With presidential shenanigans, Brexit, and a multitude of other issues keeping people shocked or entertained, the quiet near-term deployment of facial recognition systems within twenty top U.S. airports over the next several years has caught the public off-guard.
BuzzFeed journalist Davey Alba recently produced a highly credible and in-depth report on the use and deployment of “biometric verification of identities” at U.S. airports. The facial recognition systems are being touted as a user-friendly and convenient means of travel. Yet, if you scratch the surface, this insidious and legally gray area of technology encroachment on daily life will undoubtedly test societal boundaries. It also raises questions about the increased prevalence of potentially nefarious use of data once captured.
The rightful chorus of concern about privacy has erupted. However, of most concern to me is not only the computer code which makes up the core of the systems, but also the lack of technology companies’ understanding in designing and deploying systems which will inherently change culture and society.
Enculturation of Technology
Technology has innately had the perception of being non-cultural. Its base binary code is essentially on or off. As such, it seems non-subjective, scientific, and neutral. But this couldn’t be further from the truth. We have already seen Facebook used to alter democracy and artificial intelligence (AI) trained to be a serial killer.
Behind all contemporary technology are armies of computer programmers from all walks of life, each carrying with them a personalized world view which they subconsciously code into the neutral network we call technology. In anthropological terms, this is enculturation.
To develop facial recognition systems that can scrape, combine, and return a result, programmers need source material so that algorithms can learn how to recognize human faces. Recently, in a misguided effort to address inherent enculturation, IT company IBM decided to build and teach an AI facial recognition system by scraping a million facial images from Flickr.
Not only was this material used beyond the scope of its intended use, the IBM programmers would test images against 200 values which encompassed everything from skin tone, assumed gender, estimated age, and a myriad of other interpreted facial “qualities.” These libraries of pre-ordained values, produced by primarily non-humanities trained computer programmers, are at the source of the enculturation issue.
I also question the use of random data sets pulled from the “wild,” where intent and the image captured have their own encultured process and as such, aren’t intended to be used by facial recognition software as training sets.
Artificial Intelligence and Bias
Joy Buolamwini, an esteemed Rhodes Scholar and founder of Algorithmic Justice League, hits to the heart of the problem of algorithmic bias that she calls the “coded gaze.” In her recent research, 1270 images were selected from three African and three European countries and grouped by gender and skin types. IBM, Microsoft, and Face++ were used to compare and contrast accuracy rates in detecting a broader range of facial types and variations.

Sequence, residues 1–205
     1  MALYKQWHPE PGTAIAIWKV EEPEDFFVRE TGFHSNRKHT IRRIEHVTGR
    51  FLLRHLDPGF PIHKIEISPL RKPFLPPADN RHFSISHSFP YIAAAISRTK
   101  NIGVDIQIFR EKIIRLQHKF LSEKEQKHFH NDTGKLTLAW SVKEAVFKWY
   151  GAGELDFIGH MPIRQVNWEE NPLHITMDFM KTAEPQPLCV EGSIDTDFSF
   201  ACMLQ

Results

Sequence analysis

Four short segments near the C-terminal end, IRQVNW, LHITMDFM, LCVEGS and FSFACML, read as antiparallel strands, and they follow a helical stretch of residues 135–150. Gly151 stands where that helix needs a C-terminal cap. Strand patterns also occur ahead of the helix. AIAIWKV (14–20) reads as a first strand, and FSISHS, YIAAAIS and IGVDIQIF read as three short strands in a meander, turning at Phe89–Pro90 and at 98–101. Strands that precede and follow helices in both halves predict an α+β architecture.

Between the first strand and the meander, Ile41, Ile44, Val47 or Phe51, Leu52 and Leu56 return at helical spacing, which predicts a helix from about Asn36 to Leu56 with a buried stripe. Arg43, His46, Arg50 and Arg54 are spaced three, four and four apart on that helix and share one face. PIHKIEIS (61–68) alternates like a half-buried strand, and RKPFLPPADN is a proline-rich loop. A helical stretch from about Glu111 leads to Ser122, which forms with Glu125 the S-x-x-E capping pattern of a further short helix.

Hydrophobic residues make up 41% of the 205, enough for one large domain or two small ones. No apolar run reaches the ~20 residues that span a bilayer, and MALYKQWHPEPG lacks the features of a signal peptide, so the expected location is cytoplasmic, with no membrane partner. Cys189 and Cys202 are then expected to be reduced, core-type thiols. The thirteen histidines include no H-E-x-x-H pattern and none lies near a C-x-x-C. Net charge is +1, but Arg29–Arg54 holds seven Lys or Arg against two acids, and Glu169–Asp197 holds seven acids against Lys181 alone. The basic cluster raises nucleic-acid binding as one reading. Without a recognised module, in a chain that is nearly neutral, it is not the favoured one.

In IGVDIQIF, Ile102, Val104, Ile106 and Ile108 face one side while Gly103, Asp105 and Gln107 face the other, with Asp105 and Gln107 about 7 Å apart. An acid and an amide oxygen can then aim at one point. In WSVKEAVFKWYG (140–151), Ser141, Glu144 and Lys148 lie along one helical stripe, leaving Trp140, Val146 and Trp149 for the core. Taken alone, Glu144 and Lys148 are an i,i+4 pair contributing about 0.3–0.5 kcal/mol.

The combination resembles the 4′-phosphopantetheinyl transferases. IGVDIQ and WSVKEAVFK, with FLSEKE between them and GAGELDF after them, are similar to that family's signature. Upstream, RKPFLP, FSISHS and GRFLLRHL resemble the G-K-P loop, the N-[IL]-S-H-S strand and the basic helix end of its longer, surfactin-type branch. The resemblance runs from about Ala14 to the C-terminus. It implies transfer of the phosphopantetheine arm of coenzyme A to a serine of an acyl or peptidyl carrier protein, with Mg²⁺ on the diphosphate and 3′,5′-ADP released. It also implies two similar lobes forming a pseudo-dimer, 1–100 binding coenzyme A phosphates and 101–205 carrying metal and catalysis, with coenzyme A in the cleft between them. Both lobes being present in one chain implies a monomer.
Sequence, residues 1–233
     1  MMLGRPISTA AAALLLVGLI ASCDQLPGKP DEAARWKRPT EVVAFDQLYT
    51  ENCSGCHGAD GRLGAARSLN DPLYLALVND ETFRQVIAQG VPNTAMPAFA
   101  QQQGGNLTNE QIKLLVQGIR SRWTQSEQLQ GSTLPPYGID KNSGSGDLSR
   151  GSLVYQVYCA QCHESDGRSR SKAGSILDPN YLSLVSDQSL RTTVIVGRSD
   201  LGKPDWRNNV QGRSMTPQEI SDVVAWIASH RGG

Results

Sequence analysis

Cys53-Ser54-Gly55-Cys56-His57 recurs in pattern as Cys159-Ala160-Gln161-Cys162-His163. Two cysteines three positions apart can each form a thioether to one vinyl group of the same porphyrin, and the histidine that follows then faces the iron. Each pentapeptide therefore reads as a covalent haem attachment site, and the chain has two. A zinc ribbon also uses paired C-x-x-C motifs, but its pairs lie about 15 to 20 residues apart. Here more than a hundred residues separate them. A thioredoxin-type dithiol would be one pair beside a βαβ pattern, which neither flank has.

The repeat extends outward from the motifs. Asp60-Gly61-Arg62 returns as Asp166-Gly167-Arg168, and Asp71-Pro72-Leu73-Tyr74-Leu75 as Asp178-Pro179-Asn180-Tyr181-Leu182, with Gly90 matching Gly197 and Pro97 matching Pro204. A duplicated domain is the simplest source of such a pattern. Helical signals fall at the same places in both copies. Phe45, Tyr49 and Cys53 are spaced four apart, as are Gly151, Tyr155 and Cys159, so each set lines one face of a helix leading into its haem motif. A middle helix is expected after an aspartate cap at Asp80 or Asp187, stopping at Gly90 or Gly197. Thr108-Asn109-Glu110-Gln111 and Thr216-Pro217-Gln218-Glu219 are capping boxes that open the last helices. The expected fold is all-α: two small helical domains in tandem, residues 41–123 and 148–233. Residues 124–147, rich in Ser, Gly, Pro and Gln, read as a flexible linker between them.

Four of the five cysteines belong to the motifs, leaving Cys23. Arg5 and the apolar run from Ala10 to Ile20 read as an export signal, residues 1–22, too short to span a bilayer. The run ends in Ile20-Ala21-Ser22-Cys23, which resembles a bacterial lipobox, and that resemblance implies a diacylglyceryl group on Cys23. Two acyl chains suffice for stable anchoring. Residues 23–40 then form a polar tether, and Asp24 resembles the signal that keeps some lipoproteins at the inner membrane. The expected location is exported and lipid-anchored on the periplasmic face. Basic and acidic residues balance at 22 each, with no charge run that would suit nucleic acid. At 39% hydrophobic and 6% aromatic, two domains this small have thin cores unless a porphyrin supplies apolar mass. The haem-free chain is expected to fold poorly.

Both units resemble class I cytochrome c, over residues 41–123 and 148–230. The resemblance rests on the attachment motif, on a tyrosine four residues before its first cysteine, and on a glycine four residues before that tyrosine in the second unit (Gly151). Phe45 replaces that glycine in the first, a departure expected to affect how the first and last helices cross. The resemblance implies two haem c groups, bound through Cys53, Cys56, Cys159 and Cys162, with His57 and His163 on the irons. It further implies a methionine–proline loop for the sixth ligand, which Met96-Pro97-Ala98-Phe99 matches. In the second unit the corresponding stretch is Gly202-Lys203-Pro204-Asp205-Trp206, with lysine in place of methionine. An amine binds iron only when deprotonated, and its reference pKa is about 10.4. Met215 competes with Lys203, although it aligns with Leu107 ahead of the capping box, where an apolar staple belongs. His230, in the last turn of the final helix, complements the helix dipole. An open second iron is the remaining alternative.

All three companies had a range of roughly 88-94 percent accuracy. However, lighter skin facial recognition was much more accurate than darker skin recognition. Further, darker skinned females had an almost 35 percent error rate. Even worse was that all three facial recognition systems misidentified over 96 percent of females of color as male.
Lastly, there is no accurate statistic on the total amount of facial deformities in the world. The variance and degrees of facial types due to birth, accident or environmental exposure is staggering. Combat facial injuries among veterans pose an interesting dilemma for this race to deploy facial recognition systems as a means of accurately identify people. What about identical twins, or doppelgängers? There is little research on how to respectfully encode these variables within facial recognition systems as yet.
Tip of the Iceberg
Facial accuracy is only the tip of the iceberg. If China’s Orwellian deployment of facial recognition system under the guise of “traveler convenience” at airports, shopping centers, train stations, and other public spaces for the sole purpose of enforcing a regime-like society isn’t enough to convince any Western government of the immense danger this poses to its citizens, I worry that the genie is already out of the bottle and we will have lost all rights to our identities.
Wow! China Airport face recognition systems to help you check your flight status and find the way to your gate. Note I did not input anything, it accurately identified my full flight information from my face! pic.twitter.com/5ASdrwA7wj
— Matthew Brennan (@mbrennanchina) March 24, 2019
Our face is our unique map etched by personal experiences, the environments we have encountered, and the journeys we make. In many ways, it is like our fingerprints, unique and indelible. However, our face is being measured against a myriad of variables programmed by armies of people who bring their own biases to the table.
Once captured and then stored, it is backed up, copied, and distributed to governmental and commercial partners alike. The immense value of that data outstrips the sensibilities of preserving public privacy, which will result in a fairly quick loss of your identity, your most valuable asset. In our mad rush to embrace the fallacy of a world made better through technology, we will lose what is unique about the human condition: our humanity.Disclaimer: The views and opinions expressed here are those of the author and do not necessarily reflect the editorial position of The Globe Post.